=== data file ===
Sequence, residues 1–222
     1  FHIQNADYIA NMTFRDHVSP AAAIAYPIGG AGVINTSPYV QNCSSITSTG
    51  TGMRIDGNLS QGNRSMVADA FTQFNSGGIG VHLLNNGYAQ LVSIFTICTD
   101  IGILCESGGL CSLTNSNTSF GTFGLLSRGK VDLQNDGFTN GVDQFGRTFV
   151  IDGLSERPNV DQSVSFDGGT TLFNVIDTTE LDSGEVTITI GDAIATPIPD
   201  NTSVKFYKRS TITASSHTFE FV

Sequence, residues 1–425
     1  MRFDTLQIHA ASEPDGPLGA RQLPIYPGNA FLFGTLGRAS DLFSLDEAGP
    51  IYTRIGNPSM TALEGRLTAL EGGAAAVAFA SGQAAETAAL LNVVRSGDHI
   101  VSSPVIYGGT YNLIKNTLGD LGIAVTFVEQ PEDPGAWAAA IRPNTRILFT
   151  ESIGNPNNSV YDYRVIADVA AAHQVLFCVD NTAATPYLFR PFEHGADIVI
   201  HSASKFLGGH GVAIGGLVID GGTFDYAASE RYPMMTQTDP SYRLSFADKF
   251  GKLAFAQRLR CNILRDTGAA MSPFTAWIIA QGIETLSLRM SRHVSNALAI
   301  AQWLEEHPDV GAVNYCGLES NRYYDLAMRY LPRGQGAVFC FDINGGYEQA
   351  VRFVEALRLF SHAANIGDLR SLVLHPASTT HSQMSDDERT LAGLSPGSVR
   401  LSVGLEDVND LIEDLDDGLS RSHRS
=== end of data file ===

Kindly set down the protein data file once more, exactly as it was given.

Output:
Sequence, residues 1–222
     1  FHIQNADYIA NMTFRDHVSP AAAIAYPIGG AGVINTSPYV QNCSSITSTG
    51  TGMRIDGNLS QGNRSMVADA FTQFNSGGIG VHLLNNGYAQ LVSIFTICTD
   101  IGILCESGGL CSLTNSNTSF GTFGLLSRGK VDLQNDGFTN GVDQFGRTFV
   151  IDGLSERPNV DQSVSFDGGT TLFNVIDTTE LDSGEVTITI GDAIATPIPD
   201  NTSVKFYKRS TITASSHTFE FV

Sequence, residues 1–425
     1  MRFDTLQIHA ASEPDGPLGA RQLPIYPGNA FLFGTLGRAS DLFSLDEAGP
    51  IYTRIGNPSM TALEGRLTAL EGGAAAVAFA SGQAAETAAL LNVVRSGDHI
   101  VSSPVIYGGT YNLIKNTLGD LGIAVTFVEQ PEDPGAWAAA IRPNTRILFT
   151  ESIGNPNNSV YDYRVIADVA AAHQVLFCVD NTAATPYLFR PFEHGADIVI
   201  HSASKFLGGH GVAIGGLVID GGTFDYAASE RYPMMTQTDP SYRLSFADKF
   251  GKLAFAQRLR CNILRDTGAA MSPFTAWIIA QGIETLSLRM SRHVSNALAI
   301  AQWLEEHPDV GAVNYCGLES NRYYDLAMRY LPRGQGAVFC FDINGGYEQA
   351  VRFVEALRLF SHAANIGDLR SLVLHPASTT HSQMSDDERT LAGLSPGSVR
   401  LSVGLEDVND LIEDLDDGLS RSHRS